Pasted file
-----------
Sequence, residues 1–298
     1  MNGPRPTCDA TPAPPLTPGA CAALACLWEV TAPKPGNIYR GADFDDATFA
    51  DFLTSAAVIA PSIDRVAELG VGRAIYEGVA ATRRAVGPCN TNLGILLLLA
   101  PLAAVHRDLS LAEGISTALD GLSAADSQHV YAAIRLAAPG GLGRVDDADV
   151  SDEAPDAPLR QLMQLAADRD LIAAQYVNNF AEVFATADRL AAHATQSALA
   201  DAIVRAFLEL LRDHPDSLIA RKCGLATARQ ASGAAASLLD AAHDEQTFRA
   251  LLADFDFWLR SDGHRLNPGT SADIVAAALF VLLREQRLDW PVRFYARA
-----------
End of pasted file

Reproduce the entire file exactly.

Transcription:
Sequence, residues 1–298
     1  MNGPRPTCDA TPAPPLTPGA CAALACLWEV TAPKPGNIYR GADFDDATFA
    51  DFLTSAAVIA PSIDRVAELG VGRAIYEGVA ATRRAVGPCN TNLGILLLLA
   101  PLAAVHRDLS LAEGISTALD GLSAADSQHV YAAIRLAAPG GLGRVDDADV
   151  SDEAPDAPLR QLMQLAADRD LIAAQYVNNF AEVFATADRL AAHATQSALA
   201  DAIVRAFLEL LRDHPDSLIA RKCGLATARQ ASGAAASLLD AAHDEQTFRA
   251  LLADFDFWLR SDGHRLNPGT SADIVAAALF VLLREQRLDW PVRFYARA